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A delegate walks past a sign during the UN Climate Change Conference (COP26) in Glasgow, Scotland, on Nov. 11, 2021.YVES HERMAN/Reuters

The COP26 climate summit is entering its final scheduled day with an agreement to cut carbon emissions still a ways off and delegates stuck on several major issues, including whether to phase out coal and fossil-fuel subsidies, and how a carbon trading market would work.

“We are not there yet on the most critical issues,” COP26 president Alok Sharma said Thursday. He has set a deadline of 6 p.m. local time on Friday but acknowledged that negotiations could run into the weekend.

Delegates from nearly 200 countries are trying to cobble together a pact that will commit all nations to measures that will hold global warming to 1.5 C above preindustrial levels, a temperature level that scientists say would limit the devastation caused by climate change.

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Current national plans fall far short of that target and British officials have made “keeping 1.5 C alive” the mantra of this conference.

While some progress has been made, Mr. Sharma said several key issues remained unresolved.

Among them is a proposed pledge to “accelerate the phasing out of coal and subsidies for fossil fuels.” That commitment has never been stated in a United Nations climate agreement before and several countries, notably Australia and Saudi Arabia, are believed to be firmly against including it.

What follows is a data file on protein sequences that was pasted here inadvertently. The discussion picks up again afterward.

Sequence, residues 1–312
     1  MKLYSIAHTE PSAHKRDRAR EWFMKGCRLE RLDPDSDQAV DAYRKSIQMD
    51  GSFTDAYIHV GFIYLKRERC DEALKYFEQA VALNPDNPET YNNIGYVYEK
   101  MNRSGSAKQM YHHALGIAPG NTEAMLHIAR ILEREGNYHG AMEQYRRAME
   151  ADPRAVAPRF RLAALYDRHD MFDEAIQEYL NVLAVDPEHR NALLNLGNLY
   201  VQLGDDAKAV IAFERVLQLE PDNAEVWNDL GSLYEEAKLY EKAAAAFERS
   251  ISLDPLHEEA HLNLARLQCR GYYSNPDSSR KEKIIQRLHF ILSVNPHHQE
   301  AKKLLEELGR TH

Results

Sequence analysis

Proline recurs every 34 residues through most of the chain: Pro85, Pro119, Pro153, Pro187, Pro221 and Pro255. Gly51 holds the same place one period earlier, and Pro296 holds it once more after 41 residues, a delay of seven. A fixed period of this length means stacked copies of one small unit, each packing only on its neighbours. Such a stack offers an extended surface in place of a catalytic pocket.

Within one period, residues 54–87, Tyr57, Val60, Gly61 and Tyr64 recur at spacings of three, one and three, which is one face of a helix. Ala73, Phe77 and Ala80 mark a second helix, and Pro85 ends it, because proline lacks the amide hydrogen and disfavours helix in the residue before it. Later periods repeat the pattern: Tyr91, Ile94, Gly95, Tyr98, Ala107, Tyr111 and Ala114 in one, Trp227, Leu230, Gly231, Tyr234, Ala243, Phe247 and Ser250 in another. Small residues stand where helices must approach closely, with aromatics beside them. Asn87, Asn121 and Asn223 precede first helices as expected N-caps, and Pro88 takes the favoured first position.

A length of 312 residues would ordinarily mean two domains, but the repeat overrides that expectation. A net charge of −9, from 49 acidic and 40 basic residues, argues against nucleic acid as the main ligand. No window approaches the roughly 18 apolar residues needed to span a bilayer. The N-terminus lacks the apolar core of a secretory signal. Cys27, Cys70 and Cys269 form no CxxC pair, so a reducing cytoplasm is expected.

However, environmental campaigners have argued that concrete action on coal and fossil fuels must be a priority, and they say even the proposed commitment is weak.

The European Union’s climate policy chief, Frans Timmermans, has strongly backed the proposal. That language “has to be part of the conclusion here today,” Mr. Timmermans told reporters in Glasgow on Thursday. “Removing it would be an extremely, extremely bad signal.”

Another critical issue is whether wealthy countries should provide financial support to developing nations to help them cope with damage they’ve already sustained from global warming.

Known as “loss and damage,” this issue has been highly contentious for years and has never been included in a final text. The draft agreement includes a section that acknowledges the issue and “reiterates the urgency of scaling up action and support, including finance, technology transfer and capacity-building.”

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Leaders from several developing countries and climate justice advocates argue that doesn’t go far enough and have called for the creation of a special fund to cover loss and damage costs.

That would be in addition to the US$100-billion annually that developed countries are supposed to contribute to help poor countries take action to mitigate climate change and adapt their infrastructure to be more resilient to its effects. There is also pressure to lay the groundwork for significantly increasing that form of funding in future years.

Meanwhile, there is some sense of optimism about agreement finally being reached on regulations for international carbon-trading markets, which is the most complex form of negotiating happening around the final deal.